[00:21:45] No. No. Yeah. Yeah. So one of the things that we do is we have a lot of customers that are running on SEUS or running and no Windows Mobile 6 or real and. Oh you bet I can we start voice nailing back in 2012. So we got customers. I mean, I see that. Oh yes. Like that was 100 years ago. Well, I guess the virtual code being, oh, you know, we’re gonna buy them and we’re gonna buy them and the use market. We’re gonna buy them until you can’t find them anymore. And that’s you know what? And that’s OK. But what we’ve really tried to impress upon our customers is if you’re running on an older tech and all of a sudden you go to one of our really good resellers or even you come to us say, hey, we really want to move to Android. Right. We let you move from one device to the next for free, no cost. If you’ve been paying your maintenance, we will move you. And now we’ve developed a conversion tool on our on our toolkit, our SDK, whereas if you have these projects in windows, you can just push a button and it will convert them to enjoy. How awesome over.

 

[00:22:46] How often are companies like give us some context how they change out every three years or every ten years.

 

[00:22:54] What? How the hardware. You mean how? You’re talking about form.

 

[00:22:57] Yeah, platform. All right. This is this is this is a this is a generational thing. Yeah, it is. That we’re going for we are going from windows that owned ninety nine point six percent of the market. See, you know on mobile devices to where now Microsoft said we’re not supporting any of it anymore, it’s over. So and just to give it some context, when you say mobile devices, you’re talking tells ONS Star scanners, RFID readers, but no tablets, laptops goes, yeah, you’ve got a bunch of tablets that are ruggedized and installed on forklifts and on many lips. And, you know, they have tablets. So now everyone running SEUS.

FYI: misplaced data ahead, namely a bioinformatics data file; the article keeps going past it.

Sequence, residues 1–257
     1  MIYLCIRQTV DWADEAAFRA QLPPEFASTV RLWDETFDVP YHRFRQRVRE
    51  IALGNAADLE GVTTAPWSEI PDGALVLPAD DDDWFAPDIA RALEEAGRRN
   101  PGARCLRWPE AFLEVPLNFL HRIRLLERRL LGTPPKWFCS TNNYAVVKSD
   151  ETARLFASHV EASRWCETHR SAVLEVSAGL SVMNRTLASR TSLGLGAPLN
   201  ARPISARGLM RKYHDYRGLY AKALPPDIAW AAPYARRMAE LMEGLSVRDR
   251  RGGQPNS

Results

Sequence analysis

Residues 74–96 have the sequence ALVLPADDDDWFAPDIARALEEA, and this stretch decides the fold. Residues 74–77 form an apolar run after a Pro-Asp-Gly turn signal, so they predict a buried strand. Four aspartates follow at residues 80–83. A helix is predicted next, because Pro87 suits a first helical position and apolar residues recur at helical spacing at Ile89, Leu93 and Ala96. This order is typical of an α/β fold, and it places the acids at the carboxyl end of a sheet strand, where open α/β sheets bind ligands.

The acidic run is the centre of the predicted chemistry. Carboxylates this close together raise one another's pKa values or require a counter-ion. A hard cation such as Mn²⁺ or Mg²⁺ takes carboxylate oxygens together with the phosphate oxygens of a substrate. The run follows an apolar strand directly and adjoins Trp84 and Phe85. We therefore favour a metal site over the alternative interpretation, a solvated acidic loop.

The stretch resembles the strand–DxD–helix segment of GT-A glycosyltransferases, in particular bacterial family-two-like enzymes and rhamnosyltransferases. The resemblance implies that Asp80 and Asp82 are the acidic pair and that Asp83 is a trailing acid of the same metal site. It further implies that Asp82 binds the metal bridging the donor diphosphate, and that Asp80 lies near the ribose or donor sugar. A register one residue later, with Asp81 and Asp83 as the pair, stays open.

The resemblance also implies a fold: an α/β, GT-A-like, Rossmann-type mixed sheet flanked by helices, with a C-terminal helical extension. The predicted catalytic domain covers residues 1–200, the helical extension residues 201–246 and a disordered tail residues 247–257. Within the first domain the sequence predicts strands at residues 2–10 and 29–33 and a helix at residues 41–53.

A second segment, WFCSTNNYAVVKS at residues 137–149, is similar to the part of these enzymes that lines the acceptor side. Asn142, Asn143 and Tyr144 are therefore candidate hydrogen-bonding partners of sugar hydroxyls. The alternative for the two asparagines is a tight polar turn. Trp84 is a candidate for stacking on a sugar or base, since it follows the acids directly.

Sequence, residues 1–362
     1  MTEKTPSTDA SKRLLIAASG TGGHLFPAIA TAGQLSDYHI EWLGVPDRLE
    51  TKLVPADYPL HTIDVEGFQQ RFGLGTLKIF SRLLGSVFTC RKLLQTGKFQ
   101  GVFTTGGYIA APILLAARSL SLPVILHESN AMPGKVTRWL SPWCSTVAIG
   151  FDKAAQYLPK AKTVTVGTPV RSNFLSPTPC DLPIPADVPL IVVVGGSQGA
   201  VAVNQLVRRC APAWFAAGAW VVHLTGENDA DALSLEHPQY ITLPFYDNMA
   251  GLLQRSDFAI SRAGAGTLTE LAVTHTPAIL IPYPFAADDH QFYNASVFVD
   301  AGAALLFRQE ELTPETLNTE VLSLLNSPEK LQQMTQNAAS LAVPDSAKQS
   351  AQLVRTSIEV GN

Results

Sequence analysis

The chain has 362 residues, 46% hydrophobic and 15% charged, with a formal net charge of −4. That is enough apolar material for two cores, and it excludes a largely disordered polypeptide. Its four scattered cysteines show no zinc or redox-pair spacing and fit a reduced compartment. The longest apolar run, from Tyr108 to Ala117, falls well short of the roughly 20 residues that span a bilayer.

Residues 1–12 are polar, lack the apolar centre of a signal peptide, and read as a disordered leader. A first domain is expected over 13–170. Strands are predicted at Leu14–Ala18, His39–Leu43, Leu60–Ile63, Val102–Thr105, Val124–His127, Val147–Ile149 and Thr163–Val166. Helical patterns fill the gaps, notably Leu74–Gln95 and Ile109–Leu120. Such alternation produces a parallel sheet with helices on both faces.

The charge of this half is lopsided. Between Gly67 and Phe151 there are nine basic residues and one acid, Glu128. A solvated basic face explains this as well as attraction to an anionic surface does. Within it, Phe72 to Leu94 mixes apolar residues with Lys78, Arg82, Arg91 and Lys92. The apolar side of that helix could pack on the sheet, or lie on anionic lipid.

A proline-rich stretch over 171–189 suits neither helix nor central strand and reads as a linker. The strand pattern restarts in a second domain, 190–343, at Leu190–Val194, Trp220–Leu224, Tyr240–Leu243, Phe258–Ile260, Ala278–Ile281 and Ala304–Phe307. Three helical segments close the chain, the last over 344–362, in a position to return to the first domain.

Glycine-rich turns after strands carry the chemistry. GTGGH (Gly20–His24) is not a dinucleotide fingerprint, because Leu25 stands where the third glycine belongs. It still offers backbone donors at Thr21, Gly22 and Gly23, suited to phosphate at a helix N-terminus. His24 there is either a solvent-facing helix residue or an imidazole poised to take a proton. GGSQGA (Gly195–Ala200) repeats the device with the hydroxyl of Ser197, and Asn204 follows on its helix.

[00:23:39] More that I know that I had never really thought about it before. I guess I haven’t haven’t paid that close of attention when I’ve been in a warehouse. Well.

 

[00:23:48] And the hammer is coming down because windows, I said, were not. You know, we’re not supporting it anymore. No one is gonna make them anymore. Is there a time there? Space. Feel it’s over? Yeah. They’ve already said it’s what Microsoft does commands that it’s we’re done. And so now everyone is saying they’re either gonna buy in on the use or we have to move to Android. Now, Gotch and our existing customers. They have a path. But what we’re doing now with the new folks who are saying we have to move is we’re working with a lot of our resellers who like our missile Maiga. And, you know, the S&P three, these guys, they’ll go in and they’ll say, okay, here’s the here’s the path, right. Here’s what you do now. And so they come and say, hey, by the way, not only can we move, you know, Android, we can voice, enable your workflows at the same time. Right. So we’re gonna do everything all at once. Wow. Right. So then they go in and they’ll look at their network. They’ll look at all their stuff to make sure that it’s, you know, right. And tight. And then we come in with them and we you know, we roll out these solutions and it makes the ROIC it CROI in half, because if I can add 25, 30 percent productivity and they’re making a new investment. What what was gonna cost, you know, 14 to 24 months to pay for now is going to cost eight to 14 months to pay for. And that’s where we really start to add a lot of value, especially for our partners out there.